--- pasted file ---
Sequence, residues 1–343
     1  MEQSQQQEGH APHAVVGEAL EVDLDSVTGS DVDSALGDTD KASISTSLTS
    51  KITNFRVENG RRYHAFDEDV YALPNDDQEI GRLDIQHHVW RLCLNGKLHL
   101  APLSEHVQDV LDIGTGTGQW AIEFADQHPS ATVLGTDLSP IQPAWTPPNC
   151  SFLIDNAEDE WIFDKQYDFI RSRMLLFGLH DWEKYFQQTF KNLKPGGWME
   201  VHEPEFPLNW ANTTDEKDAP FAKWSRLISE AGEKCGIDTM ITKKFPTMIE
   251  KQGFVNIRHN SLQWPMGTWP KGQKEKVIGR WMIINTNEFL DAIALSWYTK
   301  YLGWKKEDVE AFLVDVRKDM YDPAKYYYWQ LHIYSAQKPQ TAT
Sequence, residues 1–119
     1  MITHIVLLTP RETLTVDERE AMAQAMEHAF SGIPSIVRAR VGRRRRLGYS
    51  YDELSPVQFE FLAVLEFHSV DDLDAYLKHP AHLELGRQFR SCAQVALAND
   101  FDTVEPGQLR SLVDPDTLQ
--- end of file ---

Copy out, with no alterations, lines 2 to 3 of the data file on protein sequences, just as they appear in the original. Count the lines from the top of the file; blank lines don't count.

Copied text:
     1  MEQSQQQEGH APHAVVGEAL EVDLDSVTGS DVDSALGDTD KASISTSLTS
    51  KITNFRVENG RRYHAFDEDV YALPNDDQEI GRLDIQHHVW RLCLNGKLHL